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Positive notes: Mark Mallman tells of coping with grief through music in ‘The Happiness Playlist’

Musician and author Mark Mallman will make a stop in Albuquerque to read from his book, “The Happiness Playlist.” (Courtesy of Wilson Webb)

Mark Mallman has written and composed music for years.

Yet when he sat down to write what would become “The Happiness Playlist,” it was a journey.

At two-year one, to be exact.

“Writing for this is totally different than songwriting,” he says in a recent interview. “Writing songs, I’m searching for a melody. With the book, I would just journal every day, and that became what the story was, though the flashbacks in the book were difficult for me to write.”

Mallman’s book tour will make a stop at Bookworks in Albuquerque at 6 p.m. Wednesday, Oct. 23. He will read from and sign the book.

For more than 20 years, the Minneapolis-based musician spent his time as a composer, songwriter and performer.

He composed music for films, including “The Hitcher, “Adventureland,” “10,000 B.C.” and “Haunting of Molly Hartley.”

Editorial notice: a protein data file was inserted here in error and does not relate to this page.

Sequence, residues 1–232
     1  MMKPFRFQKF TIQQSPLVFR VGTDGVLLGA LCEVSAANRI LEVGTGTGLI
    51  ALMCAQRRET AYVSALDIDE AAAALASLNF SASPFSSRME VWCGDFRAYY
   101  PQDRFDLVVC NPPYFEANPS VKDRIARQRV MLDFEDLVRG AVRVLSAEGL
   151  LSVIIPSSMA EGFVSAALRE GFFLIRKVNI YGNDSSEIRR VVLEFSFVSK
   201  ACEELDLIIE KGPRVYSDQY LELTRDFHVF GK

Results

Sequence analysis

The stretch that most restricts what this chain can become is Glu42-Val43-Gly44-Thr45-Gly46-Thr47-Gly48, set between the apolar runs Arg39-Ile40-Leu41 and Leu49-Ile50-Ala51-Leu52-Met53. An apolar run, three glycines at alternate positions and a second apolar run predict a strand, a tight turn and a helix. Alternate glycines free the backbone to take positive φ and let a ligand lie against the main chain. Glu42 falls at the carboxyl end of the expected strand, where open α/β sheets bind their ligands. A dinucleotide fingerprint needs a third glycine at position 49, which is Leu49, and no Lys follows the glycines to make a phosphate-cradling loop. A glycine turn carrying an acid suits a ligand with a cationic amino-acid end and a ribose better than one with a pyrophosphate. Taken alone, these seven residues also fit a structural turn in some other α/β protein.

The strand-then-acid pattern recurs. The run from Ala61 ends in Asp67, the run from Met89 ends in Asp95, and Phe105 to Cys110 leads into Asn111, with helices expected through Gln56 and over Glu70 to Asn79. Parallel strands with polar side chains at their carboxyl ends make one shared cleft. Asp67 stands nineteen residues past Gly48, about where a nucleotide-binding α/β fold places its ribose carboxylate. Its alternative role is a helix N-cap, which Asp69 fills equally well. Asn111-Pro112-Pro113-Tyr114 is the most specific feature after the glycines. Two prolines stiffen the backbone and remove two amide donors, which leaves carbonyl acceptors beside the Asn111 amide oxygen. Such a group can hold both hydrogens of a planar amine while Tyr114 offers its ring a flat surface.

He’s played in Albuquerque many times, performing songs from his album releases.

With his debut book, he reaches a new level of creativity and intimacy.

The memoir is written about the months he spent listening exclusively to feel-good songs to make his way through grief brought on by the death of his mother, the end of a relationship and winter in the frozen Midwest.

Mallman says the point of the book is to show people going through trauma how music as a tool can help in their healing process.

“The scariest part was writing in the church where I had to light a candle for my mom,” he says. “I had this open hole in the book. I wrote about what I was feeling, and that’s the only part of the book that wasn’t re-edited.”

Mallman listened to his happiness playlist for six months and saw how his mood changed.

The playlist included positive songs from friends and other musicians.

“The story takes place a year and a half after the traumatic events, after PTSD (post-traumatic stress disorder) was born,” he says. “It’s written in present tense with flashbacks to fill in the audience.”

Mallman wrote in his journal every day for nearly two years.

During editing, he filled in pieces with greater detail.

He’s looking forward to getting back to Albuquerque because he has a long history with the city.

“Albuquerque, it’s an important city for me in my music history,” he says. “Downtown is cool; it has some edge to it. It’s a unique place and holds a place in my heart.”

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